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Agha Bozorg mosque (Persian: مسجد آقا بزرگMasjed-e Āghā Bozorg) is a historical mosque in Kashan, Iran. The mosque was built in the late 18th century by master-mi'mar Ustad Haj Sa'ban-ali. The mosque and theological school (madrasah) is located in the center of the city.

Āghā Bozorg Mosque
Mezquita de Agha Bozorg, Kashan, Irán, 2016-09-19, DD 81.jpg
View of the mosque and its sunken courtyard.
Basic information
Location Iran Kāshān, Iran
Geographic coordinates 33°58′42.5″N 51°26′42.5″E / 33.978472°N 51.445139°E / 33.978472; 51.445139Coordinates: 33°58′42.5″N 51°26′42.5″E / 33.978472°N 51.445139°E / 33.978472; 51.445139
Affiliation Shia Islam
Municipality Kāshān County
Province Isfahān Province
Country Iran
Architectural description
Architectural type Mosque
Completed 18th century

Agha Bozorgh Mosque was constructed for prayers, preaching and teaching sessions held by Molla Mahdi Naraghi II also known as Mulla Mohammad Naraqi, known famously by his title of Āghā Bozorgh (literally meaning big or great lord) given to him by the Shah himself. Molla Mahdi Naraghi II was the son of the legendary Mulla Ahmad Naraqi (also spelled sometimes as Naraghi) who was the second strongest person in Iran after the king himself, Fath-Ali Shah Qajar. Mulla Ahmad Naraqi is well known for rallying the Iranian forces against the Russian invasion of northern Iran and declaring "jihad" or "holy war" against the invading Russians. He was successfully able to reconquer the Iranian lands that the invading Russian forces had captured during that offensive. Mulla Ahmad Naraqi, his brothers, his sons, and his father Mulla Muhammad Mahdi Naraqi famously known as Muhaqqiq Naraqi; are some of the most prominent Shi'a clerics as well as some of the most famous Islamic Iranian scientists of their time. Mulla Ahmad Naraqi and his father Muhaqqiq Naraqi are especially well known and honored to this day in Iran as the leading Islamic leaders of their time. It being the first time in Shi'a Twelver Islam that the helm of leadership of the faith was passed from father to son. Mulla Ahmad Naraqi was so accomplished in jurisprudence at the time of his father's passing (1209 AH/1795 CE) that it was agreed upon in a general consensus by the other leading figures of the time, to have Mulla Ahmad Naraqi as the next leader of the faith. Muhaqqiq Naraqi and Mulla Ahmad Naraqi's status in society at the time as leaders in both politics, jurisprudence, and faith can best be compared to the power and position held by Popes in the Catholic Church. They were in essence the leaders of the entire Twelver Shi'a world. With Mulla Ahmad Naraqi's passing in 1229 AH/1829 CE he was honored by being interred in the Shrine of Ali. His legacy holds as one of the most important and renowned Muslims in the past 1100 years and one of only a handful of Muslims who have been honored throughout history by being laid to rest in the Shrine of Imam Ali.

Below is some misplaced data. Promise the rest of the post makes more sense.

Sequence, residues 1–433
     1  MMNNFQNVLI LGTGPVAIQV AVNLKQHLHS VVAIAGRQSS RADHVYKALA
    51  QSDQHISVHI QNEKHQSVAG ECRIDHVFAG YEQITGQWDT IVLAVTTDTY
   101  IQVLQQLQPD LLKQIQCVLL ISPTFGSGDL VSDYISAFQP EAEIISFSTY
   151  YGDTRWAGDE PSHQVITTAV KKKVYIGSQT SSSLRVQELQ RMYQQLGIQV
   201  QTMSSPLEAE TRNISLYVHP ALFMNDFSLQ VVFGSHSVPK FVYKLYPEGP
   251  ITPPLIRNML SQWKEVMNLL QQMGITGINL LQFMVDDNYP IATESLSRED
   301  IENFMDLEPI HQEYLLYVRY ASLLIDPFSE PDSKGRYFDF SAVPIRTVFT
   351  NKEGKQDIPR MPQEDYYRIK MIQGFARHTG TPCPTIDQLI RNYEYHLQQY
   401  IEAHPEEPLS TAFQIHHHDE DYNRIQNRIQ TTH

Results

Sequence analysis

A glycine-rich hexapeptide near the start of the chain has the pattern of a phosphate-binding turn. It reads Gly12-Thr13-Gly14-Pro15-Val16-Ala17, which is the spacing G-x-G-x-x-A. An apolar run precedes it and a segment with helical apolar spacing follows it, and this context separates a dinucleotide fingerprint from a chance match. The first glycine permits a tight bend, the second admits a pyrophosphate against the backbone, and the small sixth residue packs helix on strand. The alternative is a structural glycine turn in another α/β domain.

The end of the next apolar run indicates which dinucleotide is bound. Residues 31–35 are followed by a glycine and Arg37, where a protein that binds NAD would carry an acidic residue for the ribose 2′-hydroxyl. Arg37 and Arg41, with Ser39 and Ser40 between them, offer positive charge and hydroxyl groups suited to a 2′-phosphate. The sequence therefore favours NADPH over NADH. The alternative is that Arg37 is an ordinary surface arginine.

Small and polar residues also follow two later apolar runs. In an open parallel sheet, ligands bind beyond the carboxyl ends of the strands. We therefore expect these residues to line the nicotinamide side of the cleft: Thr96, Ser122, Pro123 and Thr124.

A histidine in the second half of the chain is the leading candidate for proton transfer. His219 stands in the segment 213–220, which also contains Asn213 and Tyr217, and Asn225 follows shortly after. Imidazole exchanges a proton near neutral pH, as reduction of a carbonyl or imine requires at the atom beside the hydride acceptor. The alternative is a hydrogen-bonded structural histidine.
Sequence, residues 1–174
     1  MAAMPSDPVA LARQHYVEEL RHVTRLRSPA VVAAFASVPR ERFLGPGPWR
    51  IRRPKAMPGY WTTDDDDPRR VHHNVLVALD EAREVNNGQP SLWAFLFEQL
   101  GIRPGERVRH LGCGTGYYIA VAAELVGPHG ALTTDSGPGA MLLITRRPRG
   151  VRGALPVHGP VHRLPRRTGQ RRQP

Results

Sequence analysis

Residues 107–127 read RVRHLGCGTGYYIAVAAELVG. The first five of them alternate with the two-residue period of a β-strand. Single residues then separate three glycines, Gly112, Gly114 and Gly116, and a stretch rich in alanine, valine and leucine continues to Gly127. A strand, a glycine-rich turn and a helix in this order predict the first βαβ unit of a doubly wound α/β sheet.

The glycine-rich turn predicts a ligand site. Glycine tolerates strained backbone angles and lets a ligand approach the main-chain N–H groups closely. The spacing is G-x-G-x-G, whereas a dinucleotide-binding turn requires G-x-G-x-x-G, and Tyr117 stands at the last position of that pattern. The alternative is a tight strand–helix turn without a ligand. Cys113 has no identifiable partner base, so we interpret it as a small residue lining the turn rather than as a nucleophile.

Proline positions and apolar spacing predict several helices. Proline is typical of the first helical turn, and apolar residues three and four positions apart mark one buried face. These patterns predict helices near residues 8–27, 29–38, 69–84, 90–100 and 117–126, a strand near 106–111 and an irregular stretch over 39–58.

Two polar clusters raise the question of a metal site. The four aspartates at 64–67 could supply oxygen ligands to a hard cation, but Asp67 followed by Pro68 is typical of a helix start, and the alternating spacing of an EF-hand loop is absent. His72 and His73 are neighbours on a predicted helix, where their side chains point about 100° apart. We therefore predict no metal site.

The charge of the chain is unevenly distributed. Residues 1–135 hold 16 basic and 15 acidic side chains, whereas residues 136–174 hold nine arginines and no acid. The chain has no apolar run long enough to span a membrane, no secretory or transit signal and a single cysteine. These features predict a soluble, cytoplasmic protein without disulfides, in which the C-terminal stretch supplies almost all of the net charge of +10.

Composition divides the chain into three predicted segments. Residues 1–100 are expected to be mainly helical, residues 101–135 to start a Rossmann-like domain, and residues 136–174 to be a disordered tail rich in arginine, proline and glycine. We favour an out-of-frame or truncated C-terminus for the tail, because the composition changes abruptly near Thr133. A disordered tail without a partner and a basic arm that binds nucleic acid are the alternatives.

Contents

SpecificationsEdit

The mosque has been described as "the finest Islamic complex in Kashan and one of the best of the mid-19th century".[1] Noted for its symmetrical design,[2] it consists of two large iwans, one in front of the mihrab and the other by the entrance. The courtyard has a second court in the middle which comprises a garden with trees and a fountain. The iwan in front of mehrab has two minarets with a brick dome. It was here where Ustad Ali Maryam as a pupil started his career as an architect.

GalleryEdit

See alsoEdit

ReferencesEdit

  1. ^ Burke, Andrew (15 September 2010). Iran. Lonely Planet. p. 228. ISBN 978-1-74220-349-2. 
  2. ^ Burke, Andrew; Maxwell, Virginia; Shearer, Iain (1 June 2012). Lonely Planet Iran. Lonely Planet. p. 366. ISBN 978-1-74321-320-9. 

External linksEdit